RTI uses cookies to offer you the best experience online. By clicking “accept” on this website, you opt in and you agree to the use of cookies. If you would like to know more about how RTI uses cookies and how to manage them please view our Privacy Policy here. You can “opt out” or change your mind by visiting: http://optout.aboutads.info/. Click “accept” to agree.


Recovery Support Services for Medicaid Beneficiaries

Of the 21.7 million Americans that need substance use treatment, only 11% are able to receive it.[1] Even as national policies aim at addressing this treatment gap, substance use deaths and the impacts of substance use disorders (SUDs) on long-term health care costs continue to rise.[2] [3] Recovery support services are emerging as a possible solution to the costly treatment gap.  

State Medicaid programs are the largest payers of substance use treatment costs. Thus, Medicaid has a strong interest in supporting approaches like recovery support services that help individuals maintain their substance use recovery.[4] Despite the potential benefits of recovery support services to state Medicaid programs and their beneficiaries, these services are not offered by all Medicaid programs. Further, research examining the impact of recovery support services on health care costs and use have been very limited.

What are recovery support services?  

Recovery support services are defined as “nonclinical services that assist individuals and families to recover from alcohol or drug problems.”[5] Further, a recent Medicaid and Children’s Health Insurance Program (CHIP) Payment and Access Commission (MACPAC) Issue Brief—based on a Medicaid coverage policy compilation conducted by RTI International under contract with MACPAC—classifies and defines recovery support services into five distinct service categories:

  • comprehensive community supports – services that address barriers that impeded the development of skills necessary for independent functioning in the community;
  • peer support services – supportive services delivered by a person in recovery from an SUD;
  • skills training and development – services that help a beneficiary with an SUD acquire new skills, ranging from life skills to employment readiness and restoration to the community;
  • supported employment – helps individuals achieve competitive employment in community settings; and
  • supportive housing – evidenced-based intervention that combines housing assistance with wrap-around support services for people experiencing homelessness as well as other people with disabilities. [6]

What are Medicaid policies regarding recovery support services?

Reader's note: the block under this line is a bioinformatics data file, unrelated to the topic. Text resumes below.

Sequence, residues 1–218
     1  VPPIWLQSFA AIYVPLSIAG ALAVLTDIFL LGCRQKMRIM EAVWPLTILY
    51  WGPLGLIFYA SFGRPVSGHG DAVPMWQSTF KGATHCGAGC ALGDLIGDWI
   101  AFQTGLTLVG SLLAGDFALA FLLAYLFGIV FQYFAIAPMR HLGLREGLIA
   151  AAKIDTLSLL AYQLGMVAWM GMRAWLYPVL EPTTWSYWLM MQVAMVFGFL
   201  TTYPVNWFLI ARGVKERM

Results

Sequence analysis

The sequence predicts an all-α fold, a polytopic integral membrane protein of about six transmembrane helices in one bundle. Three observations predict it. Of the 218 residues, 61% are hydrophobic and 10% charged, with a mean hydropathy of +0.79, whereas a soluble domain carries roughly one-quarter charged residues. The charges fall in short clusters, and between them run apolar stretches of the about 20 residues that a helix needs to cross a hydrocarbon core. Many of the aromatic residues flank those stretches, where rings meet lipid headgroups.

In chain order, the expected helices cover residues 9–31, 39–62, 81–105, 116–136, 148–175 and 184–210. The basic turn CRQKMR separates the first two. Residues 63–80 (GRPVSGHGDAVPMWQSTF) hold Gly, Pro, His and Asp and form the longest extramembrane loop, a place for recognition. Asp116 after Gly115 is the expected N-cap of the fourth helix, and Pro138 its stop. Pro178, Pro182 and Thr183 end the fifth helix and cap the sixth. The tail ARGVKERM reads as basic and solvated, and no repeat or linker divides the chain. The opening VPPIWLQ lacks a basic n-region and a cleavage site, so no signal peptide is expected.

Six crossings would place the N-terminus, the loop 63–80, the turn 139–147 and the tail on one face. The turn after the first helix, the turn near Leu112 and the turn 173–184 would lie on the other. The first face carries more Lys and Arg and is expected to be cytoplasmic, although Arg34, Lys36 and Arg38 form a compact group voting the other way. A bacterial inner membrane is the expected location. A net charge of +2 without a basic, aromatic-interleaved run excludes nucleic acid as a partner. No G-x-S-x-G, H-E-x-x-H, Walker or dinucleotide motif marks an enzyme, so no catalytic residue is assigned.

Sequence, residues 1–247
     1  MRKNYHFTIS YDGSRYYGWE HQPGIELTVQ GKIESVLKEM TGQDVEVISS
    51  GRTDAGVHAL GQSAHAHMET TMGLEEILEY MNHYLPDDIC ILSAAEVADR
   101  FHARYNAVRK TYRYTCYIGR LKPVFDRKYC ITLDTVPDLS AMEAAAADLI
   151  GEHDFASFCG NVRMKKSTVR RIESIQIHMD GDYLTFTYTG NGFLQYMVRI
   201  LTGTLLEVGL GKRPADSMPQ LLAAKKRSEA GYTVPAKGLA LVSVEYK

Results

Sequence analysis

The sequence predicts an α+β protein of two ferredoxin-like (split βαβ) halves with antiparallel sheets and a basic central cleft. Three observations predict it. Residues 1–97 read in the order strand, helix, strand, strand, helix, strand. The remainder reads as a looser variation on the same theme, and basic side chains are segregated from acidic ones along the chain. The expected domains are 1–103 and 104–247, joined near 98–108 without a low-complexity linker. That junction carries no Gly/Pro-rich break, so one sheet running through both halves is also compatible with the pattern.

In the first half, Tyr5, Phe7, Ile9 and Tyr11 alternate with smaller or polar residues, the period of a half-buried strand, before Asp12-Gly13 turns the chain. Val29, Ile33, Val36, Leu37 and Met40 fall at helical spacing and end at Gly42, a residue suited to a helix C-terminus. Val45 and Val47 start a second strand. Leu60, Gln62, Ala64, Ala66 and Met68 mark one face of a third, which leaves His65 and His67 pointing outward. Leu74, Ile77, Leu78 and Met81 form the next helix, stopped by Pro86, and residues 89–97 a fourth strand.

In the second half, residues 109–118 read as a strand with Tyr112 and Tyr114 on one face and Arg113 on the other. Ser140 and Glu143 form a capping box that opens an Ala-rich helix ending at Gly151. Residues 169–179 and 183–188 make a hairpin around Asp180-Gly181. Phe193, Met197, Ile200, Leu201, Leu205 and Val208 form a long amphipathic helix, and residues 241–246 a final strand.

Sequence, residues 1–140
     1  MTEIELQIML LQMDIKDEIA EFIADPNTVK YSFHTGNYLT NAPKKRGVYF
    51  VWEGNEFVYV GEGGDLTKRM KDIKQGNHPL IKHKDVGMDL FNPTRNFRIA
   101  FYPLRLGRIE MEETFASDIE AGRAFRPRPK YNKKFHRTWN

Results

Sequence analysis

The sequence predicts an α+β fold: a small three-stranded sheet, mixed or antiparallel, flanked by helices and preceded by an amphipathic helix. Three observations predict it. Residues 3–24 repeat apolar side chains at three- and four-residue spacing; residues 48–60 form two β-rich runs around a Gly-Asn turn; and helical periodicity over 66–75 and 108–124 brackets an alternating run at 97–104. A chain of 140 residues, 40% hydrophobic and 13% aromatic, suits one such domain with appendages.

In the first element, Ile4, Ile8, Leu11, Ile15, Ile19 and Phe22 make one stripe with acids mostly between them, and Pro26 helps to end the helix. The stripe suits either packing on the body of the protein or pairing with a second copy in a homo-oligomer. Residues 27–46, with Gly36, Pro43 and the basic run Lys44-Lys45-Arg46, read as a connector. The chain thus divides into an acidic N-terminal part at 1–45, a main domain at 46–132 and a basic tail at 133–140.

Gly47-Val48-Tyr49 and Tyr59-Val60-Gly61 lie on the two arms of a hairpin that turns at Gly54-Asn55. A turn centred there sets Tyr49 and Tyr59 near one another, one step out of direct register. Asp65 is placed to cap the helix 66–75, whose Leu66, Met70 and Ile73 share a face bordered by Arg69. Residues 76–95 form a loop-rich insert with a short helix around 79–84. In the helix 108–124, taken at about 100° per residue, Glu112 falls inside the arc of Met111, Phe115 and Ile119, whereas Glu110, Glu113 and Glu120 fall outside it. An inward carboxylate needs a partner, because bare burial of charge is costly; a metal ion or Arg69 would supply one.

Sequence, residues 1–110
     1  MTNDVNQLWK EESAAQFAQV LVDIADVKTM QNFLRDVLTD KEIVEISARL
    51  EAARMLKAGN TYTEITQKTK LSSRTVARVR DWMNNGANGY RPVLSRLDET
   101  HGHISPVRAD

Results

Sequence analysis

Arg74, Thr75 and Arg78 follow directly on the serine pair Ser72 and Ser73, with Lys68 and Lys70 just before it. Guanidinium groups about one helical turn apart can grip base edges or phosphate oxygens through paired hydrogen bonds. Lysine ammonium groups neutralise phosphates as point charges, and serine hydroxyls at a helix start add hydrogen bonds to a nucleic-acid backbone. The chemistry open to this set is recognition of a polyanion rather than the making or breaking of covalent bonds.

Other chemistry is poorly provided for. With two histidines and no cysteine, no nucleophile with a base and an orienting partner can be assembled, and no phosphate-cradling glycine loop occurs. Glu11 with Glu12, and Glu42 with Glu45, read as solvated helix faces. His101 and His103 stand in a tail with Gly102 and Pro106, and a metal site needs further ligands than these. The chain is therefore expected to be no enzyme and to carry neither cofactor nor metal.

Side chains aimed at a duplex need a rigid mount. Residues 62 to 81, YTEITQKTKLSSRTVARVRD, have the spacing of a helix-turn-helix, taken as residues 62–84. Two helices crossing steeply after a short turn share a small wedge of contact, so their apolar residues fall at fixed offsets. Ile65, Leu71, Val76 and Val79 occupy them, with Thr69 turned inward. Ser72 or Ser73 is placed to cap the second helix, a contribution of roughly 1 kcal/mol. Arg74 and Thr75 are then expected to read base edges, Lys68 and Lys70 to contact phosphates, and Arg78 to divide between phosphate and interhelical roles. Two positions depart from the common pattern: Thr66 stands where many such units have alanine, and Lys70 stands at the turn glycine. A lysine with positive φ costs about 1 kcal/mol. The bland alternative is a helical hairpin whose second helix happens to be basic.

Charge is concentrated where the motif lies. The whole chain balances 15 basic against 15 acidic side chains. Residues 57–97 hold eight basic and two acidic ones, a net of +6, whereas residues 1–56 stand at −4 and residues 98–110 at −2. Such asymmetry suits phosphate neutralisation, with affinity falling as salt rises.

Major policy changes in the past decade brought by the Comprehensive Addiction and Recovery Act, the Affordable Care Act, and the Mental Health Parity and Addiction Equity Act of 2008 attempted to make coverage of behavioral health services and what payers such as Medicaid covered more equitable. In 2014 and 2015, the Centers for Medicare & Medicaid Services (CMS) developed the Medicaid Innovation Accelerator Program for SUDs and launched an initiative to encourage states to explore the possibility of expanding services and coverages for SUDs.[7] [8] About 2 years later, CMS expanded its policy guidance to states by granting them more flexibility to offer Federal Medical Assistance Percentages for initiatives including recovery support services that target Medicaid enrollees with opioid use disorder (OUD) and other SUDs.[9] In this guidance, CMS prioritized the continuum of care for OUD, including recovery and other support services. In light of these policy changes, state Medicaid programs have expanded coverage and recovery support services for SUDs considerably over the past few years.[10][11]

What recovery support services does Medicaid cover?

Peer support services are the most commonly covered recovery support for Medicaid beneficiaries with an SUD; 38 Medicaid programs (75% of states) cover this service for beneficiaries with SUDs.[6] The broad extent of this coverage comes as no surprise. In 2007, CMS released policy guidance to state Medicaid directors about the provision of peer supports for recovery of mental illness and substance use disorders. This guidance encouraged state Medicaid programs to not only begin covering peer recovery support services, but also served as a catalyst for states to explore certifying and enhancing the peer recovery support workforce.[12] During the nearly 12 years since this guidance was released, states have expanded coverage of peer recovery supports.[13] For some states, coverage of peer recovery support services extends beyond Medicaid and is provided as a service funded by the Substance Abuse and Mental Health Agency (SAMHSA) or other funders for all individuals with SUD, regardless of insurance status.[14] [15]